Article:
Theodore Dalrymple. Women are more vulnerable than men; which is why men commit suicide three times more often ?

Political correctness is like dry rot – or is it rising damp? It gets everywhere, for example into the Stanford Encyclopedia of Philosophy. I happened to look up an article in it the other day (on suicide), and was soon alerted to the presence of political correctness by the use of she as the impersonal pronoun.

Baron d’Holbach, according to the Encyclopedia, ‘pointed out [the] the contract between an individual and her society is a conditional one.’ While société is a feminine noun in French, I think it vanishingly unlikely that the person of whom d’Holbach was thinking (though I admit I have read hardly a word of his) was a female rather than a male, elle rather than il. D’Holbach was a philosophic radical, of course, but that is no excuse for projecting on to him two and a half centuries later our present obsessions and preoccupations – certainly not in a work with pretensions to scholarship.

Worse still, however, is the discussion of the supposed duty (supposed duty, that is, by some utilitarian philosophers) of people to commit suicide once they are a burden to others, that is to say once they can no longer make a useful contribution to society. Here we read:

Questions about social justice and equality (whether, for example,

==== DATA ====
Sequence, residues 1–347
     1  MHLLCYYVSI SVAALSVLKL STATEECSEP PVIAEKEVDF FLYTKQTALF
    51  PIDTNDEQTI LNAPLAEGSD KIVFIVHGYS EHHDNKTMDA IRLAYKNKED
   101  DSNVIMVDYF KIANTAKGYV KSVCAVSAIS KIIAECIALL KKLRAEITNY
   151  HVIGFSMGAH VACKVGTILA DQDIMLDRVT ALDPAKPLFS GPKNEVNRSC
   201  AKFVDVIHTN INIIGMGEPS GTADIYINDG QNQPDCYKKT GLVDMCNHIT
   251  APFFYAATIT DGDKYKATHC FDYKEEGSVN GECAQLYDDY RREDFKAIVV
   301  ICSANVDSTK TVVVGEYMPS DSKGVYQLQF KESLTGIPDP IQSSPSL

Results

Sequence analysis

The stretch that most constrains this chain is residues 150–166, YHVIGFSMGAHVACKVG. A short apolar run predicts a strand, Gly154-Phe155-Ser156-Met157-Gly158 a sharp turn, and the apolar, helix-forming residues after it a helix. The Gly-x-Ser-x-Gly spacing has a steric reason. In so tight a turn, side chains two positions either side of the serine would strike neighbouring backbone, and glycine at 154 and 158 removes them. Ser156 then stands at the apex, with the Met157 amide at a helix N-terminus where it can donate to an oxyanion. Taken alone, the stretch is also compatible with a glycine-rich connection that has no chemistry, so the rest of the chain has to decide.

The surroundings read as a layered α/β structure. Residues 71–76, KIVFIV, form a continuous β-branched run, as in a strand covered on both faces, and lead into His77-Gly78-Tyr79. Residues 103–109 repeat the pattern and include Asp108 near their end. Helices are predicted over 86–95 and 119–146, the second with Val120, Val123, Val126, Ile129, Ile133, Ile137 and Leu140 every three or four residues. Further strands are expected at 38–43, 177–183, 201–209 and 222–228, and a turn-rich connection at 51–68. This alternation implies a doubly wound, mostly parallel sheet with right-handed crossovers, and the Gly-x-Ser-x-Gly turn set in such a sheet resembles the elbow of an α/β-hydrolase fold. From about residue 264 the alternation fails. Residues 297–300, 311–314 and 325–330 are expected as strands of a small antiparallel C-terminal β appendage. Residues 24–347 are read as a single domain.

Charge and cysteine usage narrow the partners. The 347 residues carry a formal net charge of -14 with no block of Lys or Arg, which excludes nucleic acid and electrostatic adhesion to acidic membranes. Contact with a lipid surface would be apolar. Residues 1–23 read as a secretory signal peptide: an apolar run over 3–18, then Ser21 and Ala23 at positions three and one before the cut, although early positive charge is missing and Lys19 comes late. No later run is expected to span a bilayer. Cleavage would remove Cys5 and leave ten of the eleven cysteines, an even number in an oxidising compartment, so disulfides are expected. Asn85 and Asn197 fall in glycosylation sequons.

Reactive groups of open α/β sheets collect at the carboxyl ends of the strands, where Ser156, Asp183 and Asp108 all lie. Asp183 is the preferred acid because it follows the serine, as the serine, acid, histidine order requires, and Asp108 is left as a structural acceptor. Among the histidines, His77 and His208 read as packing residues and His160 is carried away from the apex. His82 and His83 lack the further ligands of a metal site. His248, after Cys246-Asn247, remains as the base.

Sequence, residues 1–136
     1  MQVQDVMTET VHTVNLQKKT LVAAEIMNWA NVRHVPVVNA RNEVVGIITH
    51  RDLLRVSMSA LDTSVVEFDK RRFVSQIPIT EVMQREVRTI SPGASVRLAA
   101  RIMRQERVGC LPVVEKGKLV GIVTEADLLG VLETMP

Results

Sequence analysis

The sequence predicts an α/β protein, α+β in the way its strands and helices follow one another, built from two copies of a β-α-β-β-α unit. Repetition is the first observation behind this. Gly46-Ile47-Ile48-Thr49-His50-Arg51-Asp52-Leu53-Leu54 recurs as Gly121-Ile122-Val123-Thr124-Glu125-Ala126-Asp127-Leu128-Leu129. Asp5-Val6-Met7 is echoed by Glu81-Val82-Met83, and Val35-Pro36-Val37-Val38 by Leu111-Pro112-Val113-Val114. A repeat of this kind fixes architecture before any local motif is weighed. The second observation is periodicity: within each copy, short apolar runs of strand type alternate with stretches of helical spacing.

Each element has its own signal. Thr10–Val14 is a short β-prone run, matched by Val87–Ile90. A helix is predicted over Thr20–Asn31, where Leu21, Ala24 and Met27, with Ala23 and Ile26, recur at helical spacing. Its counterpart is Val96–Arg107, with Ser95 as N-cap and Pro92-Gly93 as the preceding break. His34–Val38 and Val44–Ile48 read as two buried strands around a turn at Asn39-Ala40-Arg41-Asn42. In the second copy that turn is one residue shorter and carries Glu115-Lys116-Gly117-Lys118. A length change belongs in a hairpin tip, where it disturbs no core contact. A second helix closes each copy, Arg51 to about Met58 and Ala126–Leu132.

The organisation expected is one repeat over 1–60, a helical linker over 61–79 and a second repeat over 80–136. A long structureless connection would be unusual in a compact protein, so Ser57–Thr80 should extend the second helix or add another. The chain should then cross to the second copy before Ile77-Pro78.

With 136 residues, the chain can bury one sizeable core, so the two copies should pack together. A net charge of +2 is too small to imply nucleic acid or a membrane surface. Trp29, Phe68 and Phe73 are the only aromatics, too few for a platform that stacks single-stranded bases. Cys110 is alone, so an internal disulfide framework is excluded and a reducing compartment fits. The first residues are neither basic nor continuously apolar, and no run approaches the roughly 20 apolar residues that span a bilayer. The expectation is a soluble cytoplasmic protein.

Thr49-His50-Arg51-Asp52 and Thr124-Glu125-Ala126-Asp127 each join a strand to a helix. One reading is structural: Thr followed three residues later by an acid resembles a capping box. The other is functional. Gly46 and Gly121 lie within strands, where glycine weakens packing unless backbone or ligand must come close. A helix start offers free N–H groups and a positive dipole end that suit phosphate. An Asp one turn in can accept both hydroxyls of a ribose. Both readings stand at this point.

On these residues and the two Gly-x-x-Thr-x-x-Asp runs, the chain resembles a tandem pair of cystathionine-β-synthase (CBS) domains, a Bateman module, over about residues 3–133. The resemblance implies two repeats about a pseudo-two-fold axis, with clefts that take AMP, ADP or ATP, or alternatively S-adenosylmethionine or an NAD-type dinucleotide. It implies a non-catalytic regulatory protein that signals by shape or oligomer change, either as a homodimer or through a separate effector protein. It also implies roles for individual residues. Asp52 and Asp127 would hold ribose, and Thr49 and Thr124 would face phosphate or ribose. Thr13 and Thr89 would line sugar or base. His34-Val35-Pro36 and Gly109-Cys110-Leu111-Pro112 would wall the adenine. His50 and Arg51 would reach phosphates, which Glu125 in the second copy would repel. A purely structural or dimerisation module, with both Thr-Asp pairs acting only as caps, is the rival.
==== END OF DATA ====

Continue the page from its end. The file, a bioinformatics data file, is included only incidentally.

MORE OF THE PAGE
especially vulnerable populations such as women or the poor might
be more likely to act on such a duty) are also raised.

One might have thought that a moral duty is a moral duty, irrespective of who acts on it or fails to do so; if some people drop litter, that does not excuse me doing so, whatever my socioeconomic category.

If however women and the poor are especially vulnerable, this must mean that more than half the population is especially vulnerable, for some of the poor must surely be men. But more than half the population cannot be especially anything.

In fact, suicide is a particularly bad example of the special vulnerability of women, since men in our society commit suicide three times more than women. The reason for the difference in the rate of suicide is not merely biological, because there are societies in which women commit suicide more commonly than men: therefore the high suicide rate of men must be because men in our society are underprivileged – I am tempted to say particularly underprivileged – by comparison with women.

One possible cause of suicide, of course, is the impotent observation of the creep of political correctness through the groves of academe.

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